Riley also explains that the company's ISO 9002 quality program is good for the business. "The focus now is to improve output while the product is in process rather than relying on final inspections after manufacturing completion. These manufacturing initiatives begin in the engineering group," says Riley. The engineering function at D-Velco used to only concentrate on instructions for manufacturing, but that too has changed. "Now, we design operation-specific instructions as well as the computer programs used for machining the products. All are generated in an effort to not leave anything to chance," he says

If the manufacture process available cannot consistently produce within specification, both rework and scrap costs will skew the profitability, he asserts. "In the past, this was not a design engineer's priority, but today it is."

Bringing everyone together

The product development process at Aptec (Ormond Beach, FL), a design firm that provides concept development and production services, also successfully integrates design engineering with quality and manufacturing functions. The company's clients include Maytag, Moen, and Royal Appliance. "Product design is where the quality decisions first start," says Thomas G. Morris II, Aptec's chief intelligence officer. "By finding trouble early and proactively, we improve the time to market. By solving the quality defect, we reduce the cost of manufacturing," he says.

He adds that virtual conferencing and design collaboration allow a distributed team of designers, component suppliers, and manufacturers to make real time decisions about a product while it is still malleable enough to accept changes. In one example, Morris indicated that early collaboration eliminated a defect and simultaneously reduced design cycle time by 20%. "By taking a proactive approach and breaking down the barriers that are traditionally found in a product development process, quality is guaranteed," he says.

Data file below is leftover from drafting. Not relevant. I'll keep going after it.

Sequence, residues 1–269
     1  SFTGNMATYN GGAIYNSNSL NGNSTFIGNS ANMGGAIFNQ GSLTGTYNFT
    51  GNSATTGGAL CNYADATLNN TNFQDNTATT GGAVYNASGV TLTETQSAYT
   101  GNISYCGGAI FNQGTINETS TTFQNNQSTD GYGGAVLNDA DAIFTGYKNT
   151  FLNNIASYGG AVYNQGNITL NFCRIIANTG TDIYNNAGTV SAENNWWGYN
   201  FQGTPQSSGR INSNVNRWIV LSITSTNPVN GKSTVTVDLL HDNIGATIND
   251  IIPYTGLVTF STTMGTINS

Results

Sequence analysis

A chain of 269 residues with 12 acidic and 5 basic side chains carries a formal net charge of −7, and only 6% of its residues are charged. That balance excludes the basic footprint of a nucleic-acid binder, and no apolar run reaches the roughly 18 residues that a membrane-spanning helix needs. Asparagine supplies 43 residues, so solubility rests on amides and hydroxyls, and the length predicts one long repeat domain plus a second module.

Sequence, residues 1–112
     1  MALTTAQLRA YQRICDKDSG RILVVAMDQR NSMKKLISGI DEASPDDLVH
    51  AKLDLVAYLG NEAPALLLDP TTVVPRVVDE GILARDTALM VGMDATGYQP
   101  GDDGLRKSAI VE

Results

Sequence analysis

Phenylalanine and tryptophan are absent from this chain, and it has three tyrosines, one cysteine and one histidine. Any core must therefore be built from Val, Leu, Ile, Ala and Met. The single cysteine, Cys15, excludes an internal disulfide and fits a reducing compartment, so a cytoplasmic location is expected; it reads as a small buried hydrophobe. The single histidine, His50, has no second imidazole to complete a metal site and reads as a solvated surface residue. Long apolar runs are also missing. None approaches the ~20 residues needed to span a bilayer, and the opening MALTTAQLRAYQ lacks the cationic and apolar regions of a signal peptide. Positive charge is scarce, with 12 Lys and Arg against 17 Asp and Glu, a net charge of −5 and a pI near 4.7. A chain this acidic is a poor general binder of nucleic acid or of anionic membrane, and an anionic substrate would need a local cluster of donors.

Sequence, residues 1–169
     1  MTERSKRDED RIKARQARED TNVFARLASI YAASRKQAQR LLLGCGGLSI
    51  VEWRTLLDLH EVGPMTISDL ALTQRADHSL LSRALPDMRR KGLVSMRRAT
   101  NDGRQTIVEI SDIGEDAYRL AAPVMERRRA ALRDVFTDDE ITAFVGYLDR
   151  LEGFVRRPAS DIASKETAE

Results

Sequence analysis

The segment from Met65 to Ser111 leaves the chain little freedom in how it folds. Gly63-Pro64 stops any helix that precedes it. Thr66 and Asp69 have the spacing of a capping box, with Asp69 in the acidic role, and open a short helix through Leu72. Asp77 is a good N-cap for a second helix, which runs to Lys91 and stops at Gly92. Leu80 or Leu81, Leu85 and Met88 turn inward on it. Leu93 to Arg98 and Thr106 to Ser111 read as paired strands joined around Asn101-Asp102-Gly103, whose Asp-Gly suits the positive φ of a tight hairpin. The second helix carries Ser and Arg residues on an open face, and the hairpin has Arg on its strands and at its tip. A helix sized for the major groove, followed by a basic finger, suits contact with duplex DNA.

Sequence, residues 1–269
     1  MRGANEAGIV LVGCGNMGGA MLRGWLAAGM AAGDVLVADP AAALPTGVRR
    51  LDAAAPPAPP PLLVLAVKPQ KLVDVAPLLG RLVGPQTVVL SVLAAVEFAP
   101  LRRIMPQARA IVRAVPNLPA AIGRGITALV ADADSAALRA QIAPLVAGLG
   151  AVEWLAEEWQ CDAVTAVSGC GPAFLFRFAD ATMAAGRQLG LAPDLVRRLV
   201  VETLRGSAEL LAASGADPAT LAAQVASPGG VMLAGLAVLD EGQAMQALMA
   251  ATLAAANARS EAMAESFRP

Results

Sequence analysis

"The difference today compared to when we started out is not in the methods of insuring quality for our customers. It is in the way information about quality decisions is conveyed," explains Morris. He says that virtual conferencing and on-line collaboration allow the right information to be relayed to the right people at the right time.

Tracking quality More than 31,000 U.S. companies have adopted ISO 9000-based quality management systems and have achieved formal registration to ISO 9000, according to Janet Jacobsen, a manager for the Registrar Accreditation Board established by the American Society for Quality. "We've seen a lot of growth recently, she says. For more info on getting registered contact ASQ at Box 3005, Milwaukee, WI 53210. Tel: (800) 248-1946, Fax: (414) 272-1734, www.asq.org.Also contact Quality, Engineering & Manufacturing Association at 1001 E. Georgia Ave., Phoenix, AZ 85014. Tel: (602) 257-8884, Fax: (602) 257-8885, www.qema.com

Quality is job one

"Quality engineering is at the core of how we organize for the development of new products," says Tim Davis, the quality director of Ford Motor Co.'s Truck Vehicle Center. He thinks that 70-80% of quality issues at Ford stem from how well the engineering department does its job.

Davis says that quality impacts the earliest phases of product design and development at Ford. "Certainly a thorough approach to quality engineering is the bedrock on which our engineering teams are structured. We view vehicles as a series of systems that deliver attributes rather than a bunch of components just bolted together," says Davis.

Product defects and failures also drive product design decision at Ford. "We make sure our vehicles are durable, not just for the warranty period, but also throughout their useful life," says Davis. He adds that engineers at his company regularly interact with customers for first-hand, unfiltered feedback.

10 challenges for the decade Engineers in the coming decade will face an array of challenges and opportunities as they design the products that will define our way of life. This special report on quality is the seventh in a series on those challenges and opportunities.

Davis also says it's impossible to measure the value added to Ford from quality, but he does believe that the consequences for not valuing quality are drastic. "It would mean unhappy customers, poor satisfaction, loss of sales due to poor reputation, and eventually you would go out of business," he says.

The big picture

"Companies must adopt a top-down acceptance of the quality system," says the Quality, Engineering, and Manufacturing Association's Pfeffer. He indicates quality professionals have much to offer design engineers. "Design engineers need to realize that quality professionals can be a great asset to their efforts. A quality professional can bring to the design process a history of what has and what has not worked in the real world. It is the quality professional that is constantly contacted by customers with problems and failures," he says.

Although quality may seem voluntary, in a very real sense, it is no longer an option. The only thing voluntary is whether to develop a successful product or not.

Sign up for the Design News Daily newsletter.

You May Also Like